It’s been just over a week since my psychiatrist raised my Prozac dose, and that I’ve been using my light box for 45 minutes to start, and then 1 hour the last 2 days. I feel a little better, but not much. My insomnia still troubles me. If it didn’t, I’d probably have trouble getting out of bed.
It’s been 2 weeks since I showered, and on Tuesday, my husband washed my hair because I couldn’t do it myself. I did manage to wash my privates (I’d like to repeat that I won’t sugarcoat my experience with bipolar), although it was much more difficult to do than the last time (which was before my most recent shower). That difficulty in doing what was previously a simpler task makes me tend towards going through ECT again, after all. Especially because on most days, my husband still has to help me get dressed.
However, we have a short trip planned for the weekend after Valentine’s Day. We’ll be staying at a bed-and-breakfast for a few days just to get away and relax. I’ll make my decision when we return. I’m hoping that between now and then, my depression will improve and that I won’t need ECT.
The procedure itself isn’t bad. The entire process of going to the hospital and all the prep they do — which is a good thing — is a huge pain, though. (If you’re interested in what I go through on ECT days, please click here.)
I haven’t been completely idle this past week, probably because I’ve had extra hours in my day, due to the insomnia. Anyway, I’ve blogged daily — writing is therapeutic for me; finished a crochet project — also therapeutic; saw my therapist on Friday; and went to my salon appointment yesterday for a brow wax, mani/pedi, and hair color to hide the gray lol!
This seems counter to not taking care of my hygiene, but going to the salon is part of my self-care. For the hour or so that I’m there, I’m pampered, and until my next appointment, I feel somewhat good about myself. I know it’s weird because I don’t particularly care how I look otherwise: that my hair’s a mess, that I wear sweats and a t-shirt every day — on the days I change out of my pajamas.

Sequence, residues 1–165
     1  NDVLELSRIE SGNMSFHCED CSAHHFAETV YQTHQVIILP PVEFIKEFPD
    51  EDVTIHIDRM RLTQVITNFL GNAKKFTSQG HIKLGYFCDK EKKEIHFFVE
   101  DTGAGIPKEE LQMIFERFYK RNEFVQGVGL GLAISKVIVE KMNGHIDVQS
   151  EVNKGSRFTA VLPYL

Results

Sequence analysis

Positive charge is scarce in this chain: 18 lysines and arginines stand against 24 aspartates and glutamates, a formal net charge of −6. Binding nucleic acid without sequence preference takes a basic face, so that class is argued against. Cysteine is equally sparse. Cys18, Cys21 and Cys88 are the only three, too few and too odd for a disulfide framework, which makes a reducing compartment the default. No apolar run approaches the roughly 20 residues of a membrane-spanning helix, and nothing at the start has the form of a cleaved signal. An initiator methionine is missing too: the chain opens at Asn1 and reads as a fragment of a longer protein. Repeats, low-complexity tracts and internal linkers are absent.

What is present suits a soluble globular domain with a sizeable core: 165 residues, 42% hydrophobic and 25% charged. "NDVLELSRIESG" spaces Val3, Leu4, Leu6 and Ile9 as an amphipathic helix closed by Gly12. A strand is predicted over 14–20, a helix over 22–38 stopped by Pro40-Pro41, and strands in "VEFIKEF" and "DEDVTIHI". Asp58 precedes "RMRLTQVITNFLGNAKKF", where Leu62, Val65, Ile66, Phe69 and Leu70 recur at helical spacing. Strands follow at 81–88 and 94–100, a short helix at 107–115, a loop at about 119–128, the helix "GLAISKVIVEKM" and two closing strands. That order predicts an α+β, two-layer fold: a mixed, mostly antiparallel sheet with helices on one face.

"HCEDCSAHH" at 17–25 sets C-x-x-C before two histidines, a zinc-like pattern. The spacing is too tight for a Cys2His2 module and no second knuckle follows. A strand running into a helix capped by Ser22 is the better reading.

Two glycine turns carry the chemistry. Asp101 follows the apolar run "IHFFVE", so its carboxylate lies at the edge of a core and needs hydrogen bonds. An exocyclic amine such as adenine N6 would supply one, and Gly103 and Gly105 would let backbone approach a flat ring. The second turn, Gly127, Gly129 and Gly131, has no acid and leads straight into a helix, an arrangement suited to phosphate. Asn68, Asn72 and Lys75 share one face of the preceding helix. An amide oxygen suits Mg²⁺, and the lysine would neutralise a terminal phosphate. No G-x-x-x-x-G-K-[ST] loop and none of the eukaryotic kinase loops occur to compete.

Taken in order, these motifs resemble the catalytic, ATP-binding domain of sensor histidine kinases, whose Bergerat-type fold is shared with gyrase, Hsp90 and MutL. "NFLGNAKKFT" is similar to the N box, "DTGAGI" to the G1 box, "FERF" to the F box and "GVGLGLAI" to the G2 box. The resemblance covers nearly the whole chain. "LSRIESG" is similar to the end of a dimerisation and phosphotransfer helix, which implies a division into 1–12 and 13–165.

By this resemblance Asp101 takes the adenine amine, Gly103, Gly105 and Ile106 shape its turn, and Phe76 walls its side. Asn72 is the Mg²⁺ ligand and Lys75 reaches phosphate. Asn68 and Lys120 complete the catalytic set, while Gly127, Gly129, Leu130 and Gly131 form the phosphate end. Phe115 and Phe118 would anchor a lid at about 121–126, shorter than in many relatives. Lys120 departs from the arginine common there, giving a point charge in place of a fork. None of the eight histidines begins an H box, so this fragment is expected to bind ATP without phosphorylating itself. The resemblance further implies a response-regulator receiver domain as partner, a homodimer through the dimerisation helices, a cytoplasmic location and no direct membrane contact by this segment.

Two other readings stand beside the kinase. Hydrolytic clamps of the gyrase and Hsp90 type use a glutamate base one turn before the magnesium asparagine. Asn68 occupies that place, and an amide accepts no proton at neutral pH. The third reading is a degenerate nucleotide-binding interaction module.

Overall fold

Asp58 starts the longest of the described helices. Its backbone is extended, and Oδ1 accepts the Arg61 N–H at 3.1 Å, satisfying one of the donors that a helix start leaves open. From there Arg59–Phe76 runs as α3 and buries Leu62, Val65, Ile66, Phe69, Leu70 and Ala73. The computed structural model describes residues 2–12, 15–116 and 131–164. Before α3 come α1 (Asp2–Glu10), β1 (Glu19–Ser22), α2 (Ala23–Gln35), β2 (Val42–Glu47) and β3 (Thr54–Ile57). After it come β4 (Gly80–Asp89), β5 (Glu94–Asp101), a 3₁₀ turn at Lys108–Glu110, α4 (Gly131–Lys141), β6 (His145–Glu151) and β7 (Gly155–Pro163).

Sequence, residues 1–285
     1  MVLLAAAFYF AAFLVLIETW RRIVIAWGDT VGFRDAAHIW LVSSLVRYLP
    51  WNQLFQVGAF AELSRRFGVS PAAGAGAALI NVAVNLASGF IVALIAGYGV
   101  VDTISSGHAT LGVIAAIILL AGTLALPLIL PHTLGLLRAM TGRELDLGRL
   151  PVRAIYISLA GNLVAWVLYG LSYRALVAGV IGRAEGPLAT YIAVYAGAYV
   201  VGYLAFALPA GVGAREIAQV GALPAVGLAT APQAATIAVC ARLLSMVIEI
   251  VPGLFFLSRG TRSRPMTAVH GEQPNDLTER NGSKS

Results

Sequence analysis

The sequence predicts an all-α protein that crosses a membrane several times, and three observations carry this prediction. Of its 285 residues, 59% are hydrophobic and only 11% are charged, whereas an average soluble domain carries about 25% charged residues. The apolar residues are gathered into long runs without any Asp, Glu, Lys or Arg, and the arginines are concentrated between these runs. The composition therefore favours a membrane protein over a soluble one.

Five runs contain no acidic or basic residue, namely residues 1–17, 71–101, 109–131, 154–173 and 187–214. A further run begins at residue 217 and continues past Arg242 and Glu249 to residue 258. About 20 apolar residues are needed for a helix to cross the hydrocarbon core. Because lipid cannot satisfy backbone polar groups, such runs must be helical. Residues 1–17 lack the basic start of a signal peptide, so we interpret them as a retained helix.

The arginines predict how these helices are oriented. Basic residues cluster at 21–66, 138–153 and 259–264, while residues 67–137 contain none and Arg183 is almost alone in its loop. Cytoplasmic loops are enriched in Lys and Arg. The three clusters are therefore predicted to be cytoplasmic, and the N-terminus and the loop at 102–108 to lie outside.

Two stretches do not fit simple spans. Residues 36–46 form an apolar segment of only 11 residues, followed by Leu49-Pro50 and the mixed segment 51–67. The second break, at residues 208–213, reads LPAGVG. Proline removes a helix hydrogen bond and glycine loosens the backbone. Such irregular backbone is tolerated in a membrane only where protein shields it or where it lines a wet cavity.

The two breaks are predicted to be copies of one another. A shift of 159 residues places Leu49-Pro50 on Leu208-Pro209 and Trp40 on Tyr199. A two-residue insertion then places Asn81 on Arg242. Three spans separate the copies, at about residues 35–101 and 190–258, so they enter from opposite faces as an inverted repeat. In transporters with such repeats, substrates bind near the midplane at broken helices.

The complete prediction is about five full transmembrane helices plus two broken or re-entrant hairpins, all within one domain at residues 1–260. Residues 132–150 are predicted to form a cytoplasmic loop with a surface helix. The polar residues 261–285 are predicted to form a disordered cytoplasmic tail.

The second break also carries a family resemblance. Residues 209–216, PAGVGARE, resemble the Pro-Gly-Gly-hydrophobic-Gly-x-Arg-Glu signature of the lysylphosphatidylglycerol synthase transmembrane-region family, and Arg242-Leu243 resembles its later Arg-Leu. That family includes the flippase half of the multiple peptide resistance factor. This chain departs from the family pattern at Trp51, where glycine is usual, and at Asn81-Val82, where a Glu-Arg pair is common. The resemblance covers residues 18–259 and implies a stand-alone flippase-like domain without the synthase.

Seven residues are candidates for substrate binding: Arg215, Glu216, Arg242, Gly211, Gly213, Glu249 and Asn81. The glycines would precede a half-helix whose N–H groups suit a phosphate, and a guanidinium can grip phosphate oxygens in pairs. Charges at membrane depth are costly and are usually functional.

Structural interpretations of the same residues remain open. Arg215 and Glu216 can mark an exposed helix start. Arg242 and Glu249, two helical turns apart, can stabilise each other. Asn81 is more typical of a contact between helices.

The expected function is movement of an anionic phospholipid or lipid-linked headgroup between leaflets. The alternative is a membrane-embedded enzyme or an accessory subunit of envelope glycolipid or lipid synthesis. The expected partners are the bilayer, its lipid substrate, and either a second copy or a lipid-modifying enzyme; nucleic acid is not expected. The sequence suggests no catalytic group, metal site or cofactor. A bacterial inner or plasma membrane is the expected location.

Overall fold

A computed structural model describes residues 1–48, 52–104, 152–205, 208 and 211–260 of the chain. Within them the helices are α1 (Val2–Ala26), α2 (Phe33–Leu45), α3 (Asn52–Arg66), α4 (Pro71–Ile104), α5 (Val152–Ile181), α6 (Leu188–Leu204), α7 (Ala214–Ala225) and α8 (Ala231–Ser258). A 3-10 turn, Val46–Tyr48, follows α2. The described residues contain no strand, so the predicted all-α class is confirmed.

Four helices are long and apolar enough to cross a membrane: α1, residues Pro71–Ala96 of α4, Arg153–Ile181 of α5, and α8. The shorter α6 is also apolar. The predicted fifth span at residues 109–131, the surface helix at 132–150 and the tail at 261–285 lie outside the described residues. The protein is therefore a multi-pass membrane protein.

I’ve been going to this salon since they opened in 2004, and am friends with the staff, who knows I’m bipolar. So the visits are also a way for me to socialize. They always ask about my well-being and actually care. The owner has repeatedly invited me to visit, even if I don’t have an appointment, just to hang out. I would take her up on this, particularly on the days my husband works from the office, but he’s the one who drives me to the salon. I’m not yet comfortable taking the train by myself.
Do you care about your appearance and/or have trouble maintaining basic hygiene when going through a depressive episode?
I had an appointment with my psychiatrist today, which couldn’t come soon enough, even though it’s only been 4 weeks since my last appointment. I’ve been going through a severe depression for the past 3 weeks, right after the short hypomanic episode triggered by my misuse of my light box (I was supposed to start using it for 30 minutes, but I skipped right to an hour). Because of the hypomanic symptoms, and under doctor’s orders, I went a week or so without using it.
My mood slid smoothly from one pole to the other (hypomania to depression), so with my doctor’s permission, I began using the light box again for 30 minutes max per day. It hasn’t helped, but today we agreed that I’d start using it for up to 90 minutes a day. Still, I think I’ll work my way up from 30 minutes to 90.
The depression has been so severe that if I want to change out of my pajamas and into sweats and a t-shirt, my husband has to help me. I haven’t showered in a week (and for 2 weeks before that), and I can barely brush my teeth. Once, when I couldn’t stand the way my hair felt, my husband had to wash it for me in the sink because I couldn’t do it myself.